Cronyism Accusations Scar Small Credit Union's Demise
Chartered in 1934, Bensenville Community Credit Union, one of longest-running cooperatives in Illinois, recently became another small credit union that succumbed to its financial challenges.
But Bensenville Community CU’s former president/CEO and board claimed the cooperative may have survived had it not been for the hard line taken by the state’s regulator, the Illinois Department of Financial and Professional Regulation.
They also charged that a conflict of interest and cronyism among Credit Union 1, American Share Insurance and IDFPR played a role in the credit union’s state-ordered dissolution and its acquisition by Credit Union 1 on Jul 31.
Rantoul, Ill.-based Credit Union 1 and ASI in Columbus, Ohio, said these conflict of interest and cronyism claims are false, saying they worked to save the $13.9 million Bensenville Community CU with state regulators.
IDFPR declined to comment.
“They were a very unhappy board when I told them they needed to get this turned around,” ASI President/CEO Dennis Adams said. “They worked on it, but they failed and they blamed it on everyone else, yet I have to pay the bill. I didn’t want to see it fail any more than they did.”
Talk of conflict of interest and cronyism among Bensenville Community board members and employees surfaced when IDFPR told the board it had to appoint Credit Union 1 internal auditor Jim McNeil as interim manager in February 2014 after Bensenville President/CEO Roger Peters abruptly resigned.
Four months later, the IDFPR appointed Paul Simons, president/CEO of the $756 million Credit Union 1, as manager-trustee during Bensenville’s state-ordered suspension period that began June 16. In 2010, Simons served as chair of ASI, which insured Bensenville and insures Credit Union 1.
Bensenville Community’s financial troubles surfaced in 2012 when its delinquent loan rate shot up to 6.63% or $792,492, up from a 0.71% delinquent loan rate in 2011. Its provision for loan losses totaled more than $343,000 in 2012, up from $71,145 in 2011, according to financial statements filed with ASI.
What’s more, the credit union went from a net income gain of $42,389 in 2011 to a net income loss of $311,477 in 2012. Its net worth dropped from 7.92% to 6.08% in the same years.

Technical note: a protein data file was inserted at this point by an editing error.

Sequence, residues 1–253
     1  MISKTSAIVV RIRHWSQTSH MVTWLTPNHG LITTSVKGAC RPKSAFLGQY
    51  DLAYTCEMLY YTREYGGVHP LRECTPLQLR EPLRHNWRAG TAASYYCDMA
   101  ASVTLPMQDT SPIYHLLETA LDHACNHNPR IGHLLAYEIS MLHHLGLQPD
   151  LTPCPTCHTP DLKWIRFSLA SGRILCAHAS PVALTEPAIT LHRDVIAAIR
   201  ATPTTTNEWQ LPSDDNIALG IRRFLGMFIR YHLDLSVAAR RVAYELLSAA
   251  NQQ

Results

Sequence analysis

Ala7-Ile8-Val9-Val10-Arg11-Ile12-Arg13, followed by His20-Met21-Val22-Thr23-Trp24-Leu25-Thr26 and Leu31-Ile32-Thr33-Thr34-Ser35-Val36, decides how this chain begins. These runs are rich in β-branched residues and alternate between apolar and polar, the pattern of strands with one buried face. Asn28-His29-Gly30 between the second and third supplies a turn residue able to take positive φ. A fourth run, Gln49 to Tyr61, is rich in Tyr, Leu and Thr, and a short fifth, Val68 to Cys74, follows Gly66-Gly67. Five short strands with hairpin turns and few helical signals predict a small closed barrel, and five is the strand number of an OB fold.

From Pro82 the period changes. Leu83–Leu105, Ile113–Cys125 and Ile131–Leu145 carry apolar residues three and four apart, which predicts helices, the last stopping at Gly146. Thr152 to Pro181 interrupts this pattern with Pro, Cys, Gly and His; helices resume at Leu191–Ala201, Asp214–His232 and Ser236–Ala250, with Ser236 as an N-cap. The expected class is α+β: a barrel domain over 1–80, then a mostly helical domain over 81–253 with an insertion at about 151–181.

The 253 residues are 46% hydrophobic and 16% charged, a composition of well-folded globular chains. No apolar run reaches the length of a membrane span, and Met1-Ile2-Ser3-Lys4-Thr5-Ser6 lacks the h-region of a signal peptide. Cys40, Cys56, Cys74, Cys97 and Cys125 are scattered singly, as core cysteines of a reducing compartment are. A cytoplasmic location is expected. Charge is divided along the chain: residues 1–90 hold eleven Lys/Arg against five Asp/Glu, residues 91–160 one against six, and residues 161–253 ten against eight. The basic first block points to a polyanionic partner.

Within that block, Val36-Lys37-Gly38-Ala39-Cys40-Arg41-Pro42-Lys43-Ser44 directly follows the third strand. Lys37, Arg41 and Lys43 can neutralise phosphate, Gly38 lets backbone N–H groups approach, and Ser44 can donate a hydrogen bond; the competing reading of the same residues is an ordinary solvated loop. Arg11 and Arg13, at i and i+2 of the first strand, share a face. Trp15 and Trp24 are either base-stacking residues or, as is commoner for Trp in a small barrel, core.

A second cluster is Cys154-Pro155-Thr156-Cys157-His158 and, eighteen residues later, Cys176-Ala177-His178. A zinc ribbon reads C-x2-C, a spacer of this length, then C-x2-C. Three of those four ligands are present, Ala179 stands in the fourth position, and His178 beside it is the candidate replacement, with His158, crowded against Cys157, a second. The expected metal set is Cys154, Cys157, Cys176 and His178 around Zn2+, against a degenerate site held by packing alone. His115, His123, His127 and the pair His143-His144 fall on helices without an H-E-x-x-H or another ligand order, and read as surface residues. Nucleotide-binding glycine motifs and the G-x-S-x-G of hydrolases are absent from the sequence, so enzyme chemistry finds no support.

In February 2013, IDFPR’s issued its 41-point letter of understanding and agreement to address Bensenville Community CU’s financial troubles.
But instead of helping Bensenville, board members and Peters described the LUA as crippling and said it contributed to the credit union’s demise.
Read more: 'LUA was like a dictatorship' ...
“Under a letter of understanding, it was like a dictatorship,” Frank Bartolone, Bensenville’s board chair recalled. “You almost couldn’t breathe without their permission and it gave them (IDFPR) unlimited power.”
Specifically, the LUA led the credit union to raise fees, including monthly fees on checking accounts. But soon after the fees were initiated, Bensenville lost 500 checking accounts, according to Peters.
The credit union also faced restrictions on the issuance of new loans, especially for members with credit scores of less than 640. The LUA also led the credit union to sell leased properties even though they were generating monthly positive cash flows, Peters said.
The former CEO said he was making progress on addressing Bensenville’s critical financial issues, but it wasn’t fast enough to satisfy state regulators and ASI.
“I know I worked hard for my credit union and I am very saddened by the outcome. But I didn’t believe it had to be this way,” he said. “I believe there were stronger powers that held all the cards long before they were ever dealt.”
Board members and Peters also questioned the state’s aggressive write down of loans.
“They came down rather hard on us,” Bensenville Director Donald Primdahl said. “The loans had some problems in the past but even when they (returned) to performing they still considered them bad loans. That just added up to driving us into a negative net worth.”
Although Bensenville’s financial statements show that by the end of 2013 its delinquency rate fell to 1%, down from 6.63% in 2012, its loan loss provisions totaled $449,885 in 2013, up from $343,395 in 2012.